The American way of life is built around speed and efficiency. Every new advance in technology is built around being just a little faster and a little more connected. A mother can drop her kids off at school, pay her bills online, contribute to her retirement account, schedule a meeting at work, respond to e-mails through her Blackberry, call in a coffee order at Starbucks, return her Netflix movies, and squeeze in a yoga workout all before she actually gets to work. Where in this schedule is there time for a well-rounded meal (excepting Starbucks of course)? This perpetual need for speed has invaded all aspects of our lives and has created an environment that is not conducive to traditional family meals.
Perhaps the first impetus for this change was the invention of the television. As televisions became more and more common in America’s households, TV dinners came about. Families were not able to watch their favorite game show while eating dinner and not talking to each other. As cities grew larger and agriculture gave way to more advanced industrialism and technology, cars and long commutes became the every day way of life. Somewhere in all this development the home-cooked meal lost its way.
Let’s return to the woman mentioned in the first paragraph. Due to her hectic morning schedule, she never gets breakfast, which most nutritionists agree is the most important meal of the day. Lunch probably comes from a vending machine and dinner is something she picks up on the way home. As a working mother her kids will either need to go to daycare after school or be at home by themselves. Depending on her husband’s schedule they may work out an arrangement where he picks up the kids and she picks up dinner. This situation of course is applicable only to married women and does not account for the thousands of single mothers who simultaneously work and care for their children.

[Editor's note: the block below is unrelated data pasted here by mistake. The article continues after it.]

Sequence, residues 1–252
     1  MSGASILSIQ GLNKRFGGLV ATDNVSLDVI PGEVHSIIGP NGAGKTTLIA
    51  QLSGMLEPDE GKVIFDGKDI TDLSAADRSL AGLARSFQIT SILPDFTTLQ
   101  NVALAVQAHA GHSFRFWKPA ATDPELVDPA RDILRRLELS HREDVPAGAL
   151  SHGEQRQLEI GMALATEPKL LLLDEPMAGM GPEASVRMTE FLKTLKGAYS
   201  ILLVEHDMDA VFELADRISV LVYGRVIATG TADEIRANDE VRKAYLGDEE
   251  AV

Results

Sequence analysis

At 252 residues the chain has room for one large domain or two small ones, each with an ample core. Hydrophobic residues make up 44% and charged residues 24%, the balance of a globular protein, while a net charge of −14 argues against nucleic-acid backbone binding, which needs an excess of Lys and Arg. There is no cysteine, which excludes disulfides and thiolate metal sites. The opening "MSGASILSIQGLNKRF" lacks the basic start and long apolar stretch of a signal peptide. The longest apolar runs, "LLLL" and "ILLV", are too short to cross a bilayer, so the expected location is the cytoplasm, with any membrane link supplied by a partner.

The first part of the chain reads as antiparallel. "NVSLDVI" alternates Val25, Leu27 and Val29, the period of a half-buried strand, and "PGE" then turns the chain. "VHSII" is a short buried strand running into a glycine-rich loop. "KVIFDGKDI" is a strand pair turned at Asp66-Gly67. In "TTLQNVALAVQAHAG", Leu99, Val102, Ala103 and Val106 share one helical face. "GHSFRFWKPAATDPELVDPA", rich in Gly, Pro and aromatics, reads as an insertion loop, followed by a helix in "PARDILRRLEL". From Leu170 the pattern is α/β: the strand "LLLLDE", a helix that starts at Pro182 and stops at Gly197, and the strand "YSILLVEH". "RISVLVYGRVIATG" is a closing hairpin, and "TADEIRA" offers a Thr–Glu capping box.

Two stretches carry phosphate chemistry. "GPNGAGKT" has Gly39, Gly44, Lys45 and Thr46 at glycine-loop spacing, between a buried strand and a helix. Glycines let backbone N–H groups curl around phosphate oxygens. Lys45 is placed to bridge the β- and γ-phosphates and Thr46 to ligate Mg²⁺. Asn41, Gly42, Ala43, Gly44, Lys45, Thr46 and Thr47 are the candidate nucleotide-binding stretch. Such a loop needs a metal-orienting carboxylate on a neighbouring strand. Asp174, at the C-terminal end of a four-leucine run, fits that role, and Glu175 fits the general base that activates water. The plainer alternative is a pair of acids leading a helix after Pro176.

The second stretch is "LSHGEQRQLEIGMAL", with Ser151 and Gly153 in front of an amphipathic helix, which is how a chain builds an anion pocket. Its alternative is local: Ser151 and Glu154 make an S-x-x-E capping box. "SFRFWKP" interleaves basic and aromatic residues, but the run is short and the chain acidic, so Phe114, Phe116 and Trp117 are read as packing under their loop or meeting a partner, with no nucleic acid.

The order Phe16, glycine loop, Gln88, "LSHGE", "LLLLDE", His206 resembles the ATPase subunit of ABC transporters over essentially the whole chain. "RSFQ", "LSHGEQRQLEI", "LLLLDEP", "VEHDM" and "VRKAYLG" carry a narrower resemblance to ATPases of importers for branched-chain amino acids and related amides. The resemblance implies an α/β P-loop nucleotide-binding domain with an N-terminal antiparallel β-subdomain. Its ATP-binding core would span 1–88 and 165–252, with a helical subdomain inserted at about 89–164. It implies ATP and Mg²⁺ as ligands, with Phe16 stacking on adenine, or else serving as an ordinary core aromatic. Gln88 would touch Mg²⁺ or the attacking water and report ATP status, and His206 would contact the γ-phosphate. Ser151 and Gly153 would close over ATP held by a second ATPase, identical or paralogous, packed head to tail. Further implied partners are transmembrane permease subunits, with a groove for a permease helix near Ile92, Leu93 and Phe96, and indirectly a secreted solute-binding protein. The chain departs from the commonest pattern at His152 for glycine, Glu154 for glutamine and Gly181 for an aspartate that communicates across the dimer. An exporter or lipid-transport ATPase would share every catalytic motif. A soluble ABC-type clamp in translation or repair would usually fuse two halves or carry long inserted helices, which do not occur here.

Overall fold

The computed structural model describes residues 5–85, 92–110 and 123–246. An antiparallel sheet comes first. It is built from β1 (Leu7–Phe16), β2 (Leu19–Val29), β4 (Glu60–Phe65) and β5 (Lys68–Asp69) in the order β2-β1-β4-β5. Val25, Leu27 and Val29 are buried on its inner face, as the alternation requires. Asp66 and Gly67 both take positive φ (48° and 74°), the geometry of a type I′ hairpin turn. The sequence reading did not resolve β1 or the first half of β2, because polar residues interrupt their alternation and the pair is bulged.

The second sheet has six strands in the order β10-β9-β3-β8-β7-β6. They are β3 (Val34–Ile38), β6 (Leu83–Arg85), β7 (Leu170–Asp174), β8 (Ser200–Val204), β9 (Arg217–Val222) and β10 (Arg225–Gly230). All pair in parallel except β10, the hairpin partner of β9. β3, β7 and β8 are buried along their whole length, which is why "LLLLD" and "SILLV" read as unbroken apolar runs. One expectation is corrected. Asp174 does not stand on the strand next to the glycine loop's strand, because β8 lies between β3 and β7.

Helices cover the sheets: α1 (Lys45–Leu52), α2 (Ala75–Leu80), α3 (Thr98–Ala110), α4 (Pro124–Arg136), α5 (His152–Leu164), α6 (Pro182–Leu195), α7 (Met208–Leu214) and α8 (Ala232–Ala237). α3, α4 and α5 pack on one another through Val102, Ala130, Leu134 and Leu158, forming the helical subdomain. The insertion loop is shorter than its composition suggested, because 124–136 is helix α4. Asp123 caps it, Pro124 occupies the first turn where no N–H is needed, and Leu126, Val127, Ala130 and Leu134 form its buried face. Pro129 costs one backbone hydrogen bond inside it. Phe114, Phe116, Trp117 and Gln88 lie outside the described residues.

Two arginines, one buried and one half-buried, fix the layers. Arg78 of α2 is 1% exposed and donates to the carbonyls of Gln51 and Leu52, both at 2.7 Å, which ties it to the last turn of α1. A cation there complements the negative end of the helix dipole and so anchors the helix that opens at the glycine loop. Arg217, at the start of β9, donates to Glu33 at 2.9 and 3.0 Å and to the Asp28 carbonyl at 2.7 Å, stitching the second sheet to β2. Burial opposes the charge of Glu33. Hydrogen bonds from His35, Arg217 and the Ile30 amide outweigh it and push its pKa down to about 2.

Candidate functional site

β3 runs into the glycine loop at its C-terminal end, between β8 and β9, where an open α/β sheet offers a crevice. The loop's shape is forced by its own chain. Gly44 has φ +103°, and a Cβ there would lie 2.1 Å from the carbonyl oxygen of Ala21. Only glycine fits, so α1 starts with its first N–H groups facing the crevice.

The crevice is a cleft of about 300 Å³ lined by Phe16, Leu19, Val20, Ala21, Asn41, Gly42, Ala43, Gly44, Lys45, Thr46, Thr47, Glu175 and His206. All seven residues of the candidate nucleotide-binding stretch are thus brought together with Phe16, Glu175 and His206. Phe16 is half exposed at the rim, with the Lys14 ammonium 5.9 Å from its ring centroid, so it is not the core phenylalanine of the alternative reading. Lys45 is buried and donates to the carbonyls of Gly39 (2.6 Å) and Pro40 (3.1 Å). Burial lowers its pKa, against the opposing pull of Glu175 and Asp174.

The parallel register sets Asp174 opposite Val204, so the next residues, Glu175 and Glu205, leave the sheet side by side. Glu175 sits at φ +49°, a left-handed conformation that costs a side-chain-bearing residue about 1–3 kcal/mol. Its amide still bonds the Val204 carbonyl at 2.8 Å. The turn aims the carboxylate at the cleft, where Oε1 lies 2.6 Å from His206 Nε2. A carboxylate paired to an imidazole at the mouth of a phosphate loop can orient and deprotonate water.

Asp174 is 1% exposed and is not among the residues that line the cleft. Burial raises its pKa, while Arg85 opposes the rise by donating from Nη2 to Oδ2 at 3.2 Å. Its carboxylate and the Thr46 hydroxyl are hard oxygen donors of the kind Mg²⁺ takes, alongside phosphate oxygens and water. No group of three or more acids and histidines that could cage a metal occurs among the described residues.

Simply looking at an example like this one makes it easy to see why the traditional meal has given way to fast food. Who has time or energy to cook? Do they even know how? Once upon a time home economics classes taught, at minimum, the basics of cooking. However, those classes eventually became to be viewed as unnecessary and perhaps even sexist because the majority of students enrolled were female. While not a guarantee, perhaps the ability to cook would result in more home cooked meals.
America’s need for speed has changed not only what we eat and how we eat it, but also the way in which we view food. Instead of being something to be enjoyed and savored, it has become a means to an end. It is the means to temporarily removing hunger before we move on to the next task on our to-do list. Quality has become less important than it used to be. Perhaps this is why McDonald’s satisfies now, when many years ago a mother would have viewed it as a diversion for her children or a cheap substitution instead of a real meal. Of course our taste buds have not become completely extinct which is perhaps another reason why McDonald’s is so appealing: it’s tasty.
All in all, because of our fast-paced society we have lost not only the time to cook a good meal, but also the ability to really appreciate a quality meal. While we may have a better understanding of nutrition, (what child hasn’t seen the food pyramid in their school cafeteria) we rarely make use of that knowledge. Where are we headed? Will America be the nation that is remembered for its need for speed and its dependence on fast food or is their hope that maybe we can change the way we live and eat. The recent popularity of cooking shows and personalities like Emeril and Rachel Ray suggest that we may be making a slow turn from fast food to a more healthful way of cooking and eating. While we may never return to the glory days of the fifties when every meal was lovingly prepared by the quintessential house wife (thank god!), perhaps we can reshape our current culture to be more health conscious, not only in terms of what we eat but also in terms of how we live our day to day lives.